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Research Snapshot: A better understanding of t-cell leukemia virus

Photo: CC, https://flic.kr/p/hn5TJc

The particles of the human T-cell leukemia virus type 1 (HTLV-1), a human retrovirus closely related to HIV, are known to be non-infectious. They don’t cause much damage alone. But when those particles invade other cells, the virus becomes highly infectious, and can cause leukemia. About 5 percent of people with HTLV-1 will develop adult t-cell leukemia.

University of Minnesota researchers recently captured 3-D images of HTLV-1 through advanced electron imaging, a technology that enabled them to study the virus particles in more detail than ever before. Their finding, recently published in The Journal of Virology, could provide insight into why some particles are more infectious than others.

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research-and-clinical-trials

Small steps for big changes in 2015

As January comes to a close, many find the resolutions they made on New Year’s Day, are becoming harder to maintain. Before you throw out your resolution to be healthy in 2015, HealthTalk compiled a short list of easy steps you can take to achieve your goals.

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research-and-clinical-trials

Research Snapshot: Identified core structure of “Q” could lead to better understanding of other enzymes, future methane uses

University of Minnesota researchers have identified the structure of the key intermediate “Q” in the enzyme methane monooxygenase (MMO), which converts methane (natural gas) and oxygen into methanol and water.

John Lipscomb, Ph.D., professor in the Department of Biochemistry, Molecular Biology and Biophysics at the University of Minnesota partnered with a team of researchers at Michigan State University on the project. It was published this month in Nature.

The study confirms that Q, one of the most powerful oxidizing intermediates occurring in nature, has a diamond-shaped core consisting of two highly oxidized iron atoms connected by twin, single-oxygen atom bridges.

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research-and-clinical-trials

Does accreditation impact centers of hematopoietic cell transplantation (HCT)?

Photo courtesy Flickr user lighthouse50

There are two hematopoietic cell transplantation (HCT) center-accrediting organizations in the nation, the Foundation for the Accreditation of Cellular Therapy (FACT) and core Clinical Trial Network certification (CTN).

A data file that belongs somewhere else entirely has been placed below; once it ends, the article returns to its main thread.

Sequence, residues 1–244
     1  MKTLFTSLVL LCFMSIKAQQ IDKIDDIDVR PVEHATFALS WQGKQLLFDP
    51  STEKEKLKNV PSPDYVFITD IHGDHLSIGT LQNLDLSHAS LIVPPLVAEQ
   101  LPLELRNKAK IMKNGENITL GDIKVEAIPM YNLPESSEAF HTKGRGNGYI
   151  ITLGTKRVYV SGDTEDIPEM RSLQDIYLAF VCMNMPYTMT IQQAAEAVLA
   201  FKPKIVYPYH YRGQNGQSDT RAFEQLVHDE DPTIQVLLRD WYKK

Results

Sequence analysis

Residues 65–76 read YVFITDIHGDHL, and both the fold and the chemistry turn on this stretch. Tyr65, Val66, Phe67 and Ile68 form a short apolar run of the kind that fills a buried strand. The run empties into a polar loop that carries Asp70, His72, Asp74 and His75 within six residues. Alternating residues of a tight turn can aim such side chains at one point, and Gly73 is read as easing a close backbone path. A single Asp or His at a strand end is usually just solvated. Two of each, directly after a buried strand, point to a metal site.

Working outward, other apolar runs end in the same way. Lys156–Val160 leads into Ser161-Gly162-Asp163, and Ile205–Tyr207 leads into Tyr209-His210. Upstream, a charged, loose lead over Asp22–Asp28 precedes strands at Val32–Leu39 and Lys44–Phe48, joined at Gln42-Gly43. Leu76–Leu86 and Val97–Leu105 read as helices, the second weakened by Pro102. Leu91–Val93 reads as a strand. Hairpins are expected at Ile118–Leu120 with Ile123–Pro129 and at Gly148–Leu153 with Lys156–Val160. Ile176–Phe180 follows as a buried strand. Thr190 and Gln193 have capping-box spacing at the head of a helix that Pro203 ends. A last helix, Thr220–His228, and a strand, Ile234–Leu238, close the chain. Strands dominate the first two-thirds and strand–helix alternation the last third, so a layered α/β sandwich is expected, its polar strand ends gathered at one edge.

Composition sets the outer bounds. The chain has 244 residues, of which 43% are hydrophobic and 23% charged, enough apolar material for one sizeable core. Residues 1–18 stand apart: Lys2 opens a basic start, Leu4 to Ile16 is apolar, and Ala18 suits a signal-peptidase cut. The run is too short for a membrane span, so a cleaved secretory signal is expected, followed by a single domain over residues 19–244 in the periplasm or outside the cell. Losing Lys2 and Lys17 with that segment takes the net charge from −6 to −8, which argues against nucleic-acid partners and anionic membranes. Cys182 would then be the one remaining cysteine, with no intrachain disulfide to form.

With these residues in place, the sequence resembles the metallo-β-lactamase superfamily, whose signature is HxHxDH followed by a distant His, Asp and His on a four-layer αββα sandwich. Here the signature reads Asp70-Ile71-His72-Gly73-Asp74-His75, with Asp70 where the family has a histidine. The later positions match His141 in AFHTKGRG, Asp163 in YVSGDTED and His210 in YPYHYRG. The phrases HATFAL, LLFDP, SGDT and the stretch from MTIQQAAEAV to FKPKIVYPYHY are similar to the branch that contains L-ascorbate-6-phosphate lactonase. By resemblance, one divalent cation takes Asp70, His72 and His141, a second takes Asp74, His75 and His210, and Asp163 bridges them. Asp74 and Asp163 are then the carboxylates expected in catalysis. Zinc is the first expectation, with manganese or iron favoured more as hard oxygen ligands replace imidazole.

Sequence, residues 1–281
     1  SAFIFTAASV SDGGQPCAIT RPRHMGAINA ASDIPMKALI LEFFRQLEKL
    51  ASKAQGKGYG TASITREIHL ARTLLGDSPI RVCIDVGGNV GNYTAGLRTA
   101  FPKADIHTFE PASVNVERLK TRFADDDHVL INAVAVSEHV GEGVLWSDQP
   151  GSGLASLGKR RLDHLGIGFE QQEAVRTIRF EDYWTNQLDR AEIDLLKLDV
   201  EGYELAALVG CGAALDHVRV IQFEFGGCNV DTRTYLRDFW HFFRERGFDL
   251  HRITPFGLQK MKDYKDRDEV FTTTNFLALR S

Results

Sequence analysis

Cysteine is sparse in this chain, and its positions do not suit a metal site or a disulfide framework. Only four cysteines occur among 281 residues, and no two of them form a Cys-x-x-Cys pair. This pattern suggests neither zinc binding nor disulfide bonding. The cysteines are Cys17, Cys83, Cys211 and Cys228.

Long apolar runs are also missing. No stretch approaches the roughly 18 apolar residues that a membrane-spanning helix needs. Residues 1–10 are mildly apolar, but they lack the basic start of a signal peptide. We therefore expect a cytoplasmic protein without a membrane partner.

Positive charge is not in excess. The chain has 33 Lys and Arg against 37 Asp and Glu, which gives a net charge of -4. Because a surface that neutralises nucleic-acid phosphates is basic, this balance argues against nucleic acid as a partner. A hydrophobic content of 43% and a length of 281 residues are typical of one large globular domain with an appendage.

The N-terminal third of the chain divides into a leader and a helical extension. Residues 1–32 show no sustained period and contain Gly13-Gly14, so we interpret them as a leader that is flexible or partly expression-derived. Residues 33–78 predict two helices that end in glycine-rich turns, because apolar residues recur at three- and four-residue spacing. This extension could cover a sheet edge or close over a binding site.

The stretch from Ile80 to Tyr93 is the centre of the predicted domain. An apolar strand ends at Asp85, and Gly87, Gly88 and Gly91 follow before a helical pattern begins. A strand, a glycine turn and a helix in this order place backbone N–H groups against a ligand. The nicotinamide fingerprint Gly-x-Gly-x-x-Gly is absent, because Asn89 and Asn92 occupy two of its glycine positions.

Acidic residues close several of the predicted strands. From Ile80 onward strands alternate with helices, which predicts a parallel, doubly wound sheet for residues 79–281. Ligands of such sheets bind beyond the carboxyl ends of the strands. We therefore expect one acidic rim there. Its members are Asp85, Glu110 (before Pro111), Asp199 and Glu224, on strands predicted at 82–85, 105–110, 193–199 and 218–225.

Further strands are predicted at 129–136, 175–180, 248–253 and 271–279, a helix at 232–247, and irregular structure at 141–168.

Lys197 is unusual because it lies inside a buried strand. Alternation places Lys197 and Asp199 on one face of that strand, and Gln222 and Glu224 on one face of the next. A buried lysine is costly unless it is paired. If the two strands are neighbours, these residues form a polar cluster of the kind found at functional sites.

In a recent study conducted by Schelomo Marmor, PhD, M.P.H., from University of Minnesota Department of Surgery, Marmor assessed if these accreditations improved clinical care and survival for HCT, a complex treatment viable for several hematological disease groups.

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research-and-clinical-trials

New findings in cell communication may contribute to new cancer treatments

Image courtesy of Dr. Emil Lou

Human ovarian cancer SKOV3 OC cells (stained green) connected with immortalized ovarian surface epithelial cell stromal cells (stained red) via tunneling nanotubes.

Researchers from the University of Minnesota recently discovered cells directly transfer tumor-causing microRNAs via tunneling nanotubes. Intercellular communication among distant and proximal cells is vital to survival in multicellular organisms. This communication is also extremely important in understanding cancerous tumor growth.

Gastrointestinal oncologist Emil Lou, M.D., Ph.D., collaborated with assistant professor and microRNA expert Subree Subramanian, Ph.D., on the findings published in the journal Translational Research.

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research-and-clinical-trials

Research snapshot: E-cigarettes may result in lower consumed toxicants for users, says new UMN research

Jonny Williams/CC 2.0/https://flic.kr/p/pBjdmA

E-cigarettes are a quickly growing market, and potentially for good reason. New research out of the Masonic Cancer Center, University of Minnesota shows the metabolized levels of disease-causing compounds are significantly lower in e-cigarettes than traditional cigarettes.

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